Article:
February 9, 2017
Donald Trump and Treaty of Waitangi issues added topicality and spice to the Constitution Aotearoa discussion with Former Prime Minister Sir Geoffrey Palmer and constitutional lawyer Dr Andrew Butler. In Queenstown at the invite of Catalyst, they met with an engaged audience keen to participate in a nationwide conversation about New Zealand’s Constitution.
New Zealand does have a constitution, but it is neither well-known nor well understood. It is subject to political whim, as Parliament can change or remove fundamental rights and protections without consultation or a popular mandate.
Palmer and Butler argued a modern, codified Constitution would strengthen democracy, make government more transparent and accountable, and protect human rights. They proposed a constitution “that is easy to understand, reflects New Zealand’s identity and nationhood, protects rights and liberties, and prevents governments from abusing power”.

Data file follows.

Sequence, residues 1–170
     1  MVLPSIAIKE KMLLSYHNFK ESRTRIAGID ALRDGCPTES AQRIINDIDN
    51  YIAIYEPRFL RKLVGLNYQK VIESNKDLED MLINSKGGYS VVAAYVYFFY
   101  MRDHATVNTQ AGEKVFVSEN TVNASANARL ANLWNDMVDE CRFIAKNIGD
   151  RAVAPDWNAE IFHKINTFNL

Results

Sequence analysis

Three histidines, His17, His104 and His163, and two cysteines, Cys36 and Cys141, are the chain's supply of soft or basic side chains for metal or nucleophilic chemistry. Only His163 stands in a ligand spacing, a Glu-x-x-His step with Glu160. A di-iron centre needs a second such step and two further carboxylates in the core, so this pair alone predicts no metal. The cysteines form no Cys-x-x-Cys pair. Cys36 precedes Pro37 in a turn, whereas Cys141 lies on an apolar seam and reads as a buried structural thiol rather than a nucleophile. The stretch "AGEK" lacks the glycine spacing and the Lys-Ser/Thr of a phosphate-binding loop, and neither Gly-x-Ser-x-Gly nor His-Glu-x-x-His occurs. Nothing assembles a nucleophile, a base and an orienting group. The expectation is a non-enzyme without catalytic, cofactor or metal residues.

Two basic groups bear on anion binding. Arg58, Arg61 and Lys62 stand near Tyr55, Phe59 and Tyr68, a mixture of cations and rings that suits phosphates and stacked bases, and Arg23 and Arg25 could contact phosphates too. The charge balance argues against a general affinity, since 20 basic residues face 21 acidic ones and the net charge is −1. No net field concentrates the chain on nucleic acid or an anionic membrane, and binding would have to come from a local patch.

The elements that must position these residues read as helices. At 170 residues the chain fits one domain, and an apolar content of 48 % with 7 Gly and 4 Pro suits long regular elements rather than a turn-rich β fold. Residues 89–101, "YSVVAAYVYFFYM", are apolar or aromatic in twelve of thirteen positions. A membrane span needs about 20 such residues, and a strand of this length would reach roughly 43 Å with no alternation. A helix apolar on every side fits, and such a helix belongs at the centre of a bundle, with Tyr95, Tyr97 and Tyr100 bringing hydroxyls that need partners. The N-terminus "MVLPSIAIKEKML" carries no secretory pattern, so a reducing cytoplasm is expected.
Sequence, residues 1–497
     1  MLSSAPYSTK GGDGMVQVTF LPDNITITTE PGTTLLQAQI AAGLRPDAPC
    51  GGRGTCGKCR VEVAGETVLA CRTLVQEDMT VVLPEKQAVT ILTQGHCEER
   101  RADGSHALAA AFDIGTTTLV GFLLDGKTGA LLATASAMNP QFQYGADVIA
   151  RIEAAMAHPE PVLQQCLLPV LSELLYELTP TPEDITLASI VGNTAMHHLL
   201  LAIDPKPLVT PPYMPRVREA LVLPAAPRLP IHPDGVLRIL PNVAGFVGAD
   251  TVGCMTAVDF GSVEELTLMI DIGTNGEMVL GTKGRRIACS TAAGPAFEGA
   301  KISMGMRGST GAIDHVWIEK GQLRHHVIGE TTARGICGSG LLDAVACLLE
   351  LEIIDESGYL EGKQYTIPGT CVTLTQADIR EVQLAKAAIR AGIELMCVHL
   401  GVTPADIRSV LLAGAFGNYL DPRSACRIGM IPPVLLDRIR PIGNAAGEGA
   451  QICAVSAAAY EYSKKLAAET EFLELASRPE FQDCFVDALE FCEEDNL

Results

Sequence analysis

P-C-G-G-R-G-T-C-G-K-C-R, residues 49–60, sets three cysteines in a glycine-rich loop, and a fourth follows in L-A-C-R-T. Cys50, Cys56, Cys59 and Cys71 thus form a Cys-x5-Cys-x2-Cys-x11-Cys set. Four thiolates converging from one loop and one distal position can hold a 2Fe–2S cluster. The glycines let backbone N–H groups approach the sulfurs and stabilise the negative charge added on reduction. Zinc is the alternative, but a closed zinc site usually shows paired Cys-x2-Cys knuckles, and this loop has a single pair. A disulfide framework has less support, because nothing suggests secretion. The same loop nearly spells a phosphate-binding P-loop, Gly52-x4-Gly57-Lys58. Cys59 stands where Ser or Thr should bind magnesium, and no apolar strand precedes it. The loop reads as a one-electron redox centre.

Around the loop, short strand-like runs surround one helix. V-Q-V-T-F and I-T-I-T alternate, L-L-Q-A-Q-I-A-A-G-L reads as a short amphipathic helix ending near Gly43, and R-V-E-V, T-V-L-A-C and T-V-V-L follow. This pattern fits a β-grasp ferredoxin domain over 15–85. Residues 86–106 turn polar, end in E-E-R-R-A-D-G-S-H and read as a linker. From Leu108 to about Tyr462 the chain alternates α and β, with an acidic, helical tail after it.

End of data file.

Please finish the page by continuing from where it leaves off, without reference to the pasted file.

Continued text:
Lively discussion considered the opportunity to learn from constitutional disruption happening elsewhere in the world – to enhance democratic participation and protect our freedom and civil liberties. Concern was also raised about the absence in our current Bill of Rights of any environmental rights.
As Andrew said, this is the beginning of a long game – but one better played out before a Constitutional crunch makes us realise we should have had one, discussed and agreed on.
More on the presenter’s proposals and the discussion can be read below: